“You’re always gonna have a car payment.”
Not really. I know there’s a lot of people out there that think this.
I’ve never had a car payment. My mom bought me a car when I went to college. That was in 2003. I’m still driving that honda accord with nearly 260k miles on it. Is it busted? Oh yeah. I don’t give a shit. I care about not having a $500 a month car payment, which is now the average in this country.
Vehicles are what’s called a depreciating asset. Meaning that it’s constantly losing value. The majority of this loss happens in the first year of ownership. After that the depreciation is around 15% a year for the next few years. So after five years you have an asset that’s worth roughly half of what you paid for it. More like 45%, but at that point, does it even matter? What’s really funny/sad is that you’re (usually, depending on things like your credit score, etc…) paying interest on this asset the entire time that it’s losing value.
Know what you’ve won?
A new car!
That’s right. Now it’s time to trade your old beat up, five year old car in for something newer and shinier. Sign on the dotted line and get yourself a fresh set of car payments.
Feeling like a mouse on a wheel? You probably should.
“Well dude, I like keeping new vehicles. I make plenty of money. It’s not that big of a deal.”
I suppose you’re right. But humor me. For just one second.
Let’s say that instead of that car payment, you take that $3,000 down payment and stick it in a Roth IRA.
Then let’s say you take that $500 a month payment and add that to your account until you max it out at $5500 a year.
You’ll have over half a million dollars in 30 years. About 850k after 35 years. Not exactly chump change, is it?
So what’s the solution?
I’m gonna get all Dave Ramsey here for a minute. Mostly because he’s right. Pay the car off. Drive that car until the wheels fall off. Then when it comes time to buy another car, buy a used, reliable vehicle. Pay for it outright. Then drive it until the wheels fall off. Or give it to your kids when they are able to drive. Or give it to me. I’ll take it. And I’ll drive it until the wheels fall off.
61% of people who earn $250,000 or more drive Hondas, Toyotas, and Fords. If I had to guess, I would say they’re buying these vehicles outright and not dealing with any kind of car payment. Why do I make that assumption? I dunno…maybe it’s because they make over a quarter million dollars every year?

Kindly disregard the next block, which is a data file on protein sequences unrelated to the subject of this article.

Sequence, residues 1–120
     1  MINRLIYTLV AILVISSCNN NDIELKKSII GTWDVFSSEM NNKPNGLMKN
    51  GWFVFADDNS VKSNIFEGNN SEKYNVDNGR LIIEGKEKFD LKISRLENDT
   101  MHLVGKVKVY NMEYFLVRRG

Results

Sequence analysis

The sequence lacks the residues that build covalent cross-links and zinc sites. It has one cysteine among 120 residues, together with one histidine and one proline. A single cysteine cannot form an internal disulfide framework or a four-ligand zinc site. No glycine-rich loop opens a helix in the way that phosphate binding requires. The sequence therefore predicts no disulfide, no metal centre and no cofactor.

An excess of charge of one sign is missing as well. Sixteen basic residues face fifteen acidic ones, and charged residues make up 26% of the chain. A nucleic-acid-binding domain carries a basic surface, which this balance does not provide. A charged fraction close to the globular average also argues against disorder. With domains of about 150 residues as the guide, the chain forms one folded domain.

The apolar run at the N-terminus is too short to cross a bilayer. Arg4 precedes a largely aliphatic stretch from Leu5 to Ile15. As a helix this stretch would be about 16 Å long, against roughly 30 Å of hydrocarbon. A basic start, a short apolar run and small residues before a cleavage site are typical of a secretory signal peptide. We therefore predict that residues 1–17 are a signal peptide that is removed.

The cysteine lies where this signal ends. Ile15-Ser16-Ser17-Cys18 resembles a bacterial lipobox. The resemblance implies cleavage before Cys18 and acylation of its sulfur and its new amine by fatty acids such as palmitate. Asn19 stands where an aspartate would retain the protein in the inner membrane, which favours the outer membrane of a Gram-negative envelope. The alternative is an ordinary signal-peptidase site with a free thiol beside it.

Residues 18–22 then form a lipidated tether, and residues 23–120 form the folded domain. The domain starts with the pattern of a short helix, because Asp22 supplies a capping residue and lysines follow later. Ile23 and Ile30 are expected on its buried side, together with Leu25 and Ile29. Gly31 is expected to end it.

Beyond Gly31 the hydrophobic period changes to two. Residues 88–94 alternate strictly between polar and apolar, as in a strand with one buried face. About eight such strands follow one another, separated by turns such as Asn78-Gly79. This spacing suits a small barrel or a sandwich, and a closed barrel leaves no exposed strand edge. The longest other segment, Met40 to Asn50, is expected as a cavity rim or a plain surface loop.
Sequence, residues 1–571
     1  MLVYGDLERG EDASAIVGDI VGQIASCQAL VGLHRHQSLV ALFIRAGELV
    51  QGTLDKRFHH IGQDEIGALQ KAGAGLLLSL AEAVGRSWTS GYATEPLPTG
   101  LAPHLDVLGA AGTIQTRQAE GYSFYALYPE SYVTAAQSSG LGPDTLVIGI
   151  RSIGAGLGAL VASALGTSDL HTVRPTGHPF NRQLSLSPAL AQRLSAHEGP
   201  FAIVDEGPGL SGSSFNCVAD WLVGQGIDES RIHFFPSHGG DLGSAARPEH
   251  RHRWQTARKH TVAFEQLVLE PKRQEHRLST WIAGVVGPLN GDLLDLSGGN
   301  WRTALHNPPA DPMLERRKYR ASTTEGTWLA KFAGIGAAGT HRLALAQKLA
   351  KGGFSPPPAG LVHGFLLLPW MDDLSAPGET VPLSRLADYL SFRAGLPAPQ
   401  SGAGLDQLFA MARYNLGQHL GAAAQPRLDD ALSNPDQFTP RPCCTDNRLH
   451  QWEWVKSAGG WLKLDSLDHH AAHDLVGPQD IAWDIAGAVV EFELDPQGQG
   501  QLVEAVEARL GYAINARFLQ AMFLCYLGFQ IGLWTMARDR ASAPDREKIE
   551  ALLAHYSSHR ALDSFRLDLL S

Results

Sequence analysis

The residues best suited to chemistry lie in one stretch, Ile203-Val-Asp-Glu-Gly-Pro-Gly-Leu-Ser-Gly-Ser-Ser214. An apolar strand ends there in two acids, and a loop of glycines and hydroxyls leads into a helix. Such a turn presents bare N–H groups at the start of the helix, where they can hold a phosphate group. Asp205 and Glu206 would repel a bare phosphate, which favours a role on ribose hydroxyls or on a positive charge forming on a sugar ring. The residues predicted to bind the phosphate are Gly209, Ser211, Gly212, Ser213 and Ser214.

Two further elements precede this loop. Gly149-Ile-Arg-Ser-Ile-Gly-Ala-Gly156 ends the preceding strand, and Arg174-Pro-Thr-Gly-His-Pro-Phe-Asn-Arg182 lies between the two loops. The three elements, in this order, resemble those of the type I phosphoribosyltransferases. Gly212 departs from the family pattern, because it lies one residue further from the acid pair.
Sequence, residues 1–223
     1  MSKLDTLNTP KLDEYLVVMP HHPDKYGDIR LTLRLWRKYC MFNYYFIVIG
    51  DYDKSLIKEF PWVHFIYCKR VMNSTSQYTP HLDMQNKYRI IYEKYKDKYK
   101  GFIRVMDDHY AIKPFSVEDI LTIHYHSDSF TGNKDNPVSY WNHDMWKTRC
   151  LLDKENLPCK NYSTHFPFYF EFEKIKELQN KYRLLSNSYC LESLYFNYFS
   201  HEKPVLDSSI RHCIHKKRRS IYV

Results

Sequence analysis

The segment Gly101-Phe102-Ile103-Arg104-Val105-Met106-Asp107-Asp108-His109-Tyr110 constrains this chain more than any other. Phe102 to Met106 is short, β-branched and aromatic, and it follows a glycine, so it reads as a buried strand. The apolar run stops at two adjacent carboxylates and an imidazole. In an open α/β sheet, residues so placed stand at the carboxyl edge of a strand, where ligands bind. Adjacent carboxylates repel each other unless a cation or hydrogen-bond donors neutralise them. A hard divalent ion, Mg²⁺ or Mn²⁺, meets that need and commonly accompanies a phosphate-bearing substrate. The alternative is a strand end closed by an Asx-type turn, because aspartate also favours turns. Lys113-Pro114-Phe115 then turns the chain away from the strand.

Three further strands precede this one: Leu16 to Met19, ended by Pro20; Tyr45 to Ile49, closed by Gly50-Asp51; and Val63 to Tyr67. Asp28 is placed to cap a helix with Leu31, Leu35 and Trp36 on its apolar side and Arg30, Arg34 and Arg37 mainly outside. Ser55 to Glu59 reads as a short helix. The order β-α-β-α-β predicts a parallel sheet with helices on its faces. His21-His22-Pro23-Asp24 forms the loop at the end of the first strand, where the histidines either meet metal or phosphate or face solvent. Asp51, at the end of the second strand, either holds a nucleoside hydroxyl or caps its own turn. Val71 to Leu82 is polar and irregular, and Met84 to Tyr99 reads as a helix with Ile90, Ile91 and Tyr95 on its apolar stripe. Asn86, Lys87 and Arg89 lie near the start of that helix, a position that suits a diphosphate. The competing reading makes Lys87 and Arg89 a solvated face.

So every time you see 4 luxury vehicles drive by, remember that six people who are likely millionaires have already driven by in a civic and you didn’t even notice.
So how did we get into this vicious cycle in the first place?
We live in a consumerist society. There’s people who go to work every day and they have one job. That job is to convince you to buy something. Now don’t get my wrong. Advertising is a good thing. People should buy stuff. People should know what’s new and what’s hot, what’s going to make their lives easier/better, etc… So do not blame the advertising and marketing people. They’re brilliant and hard working Americans.
I’m just saying that’s where this starts. YOU want the shiny new toy because a very smart person or team of people is convincing you that you want it. You think it’s going to make you happy or you want to show off status (or half a dozen other reasons) and advertisers have convinced you that it’s a possibility. All you need to do is buy what they’re selling and all of your dreams will come true. It’s YOUR job, as a consumer, to not fall for every shiny object you see on TV.
Here’s what I do:
Remember when you were a little kid and you would see a toy and you would grab it and try to sneak it into the cart? I know I do. And the conversation would usually go like this.
Mom: “Put it back.”
Me: “But why?”
Mom: “Because I said so.”
Me: “But why?”
Mom: “You wanna get beat in front of all these people?”
I didn’t care who watched. The fact is that I did not want an ass-whippin’. I did and still do think my ass is just fine the way it is…
Have this conversation in your mind. Don’t do it out loud. That would be weird. You know you don’t need to buy that car. You want it. It’s pretty. It has whatever new cars have that convinces people to buy them. I don’t even know what those things are these days. Cassette players, maybe?
Justify buying a new vehicle in your mind. Then think about everything else you could be spending that money on. Think about what you could be investing in. Your future. Your child’s future.
What’s more important? Your legacy or your depreciating status symbol?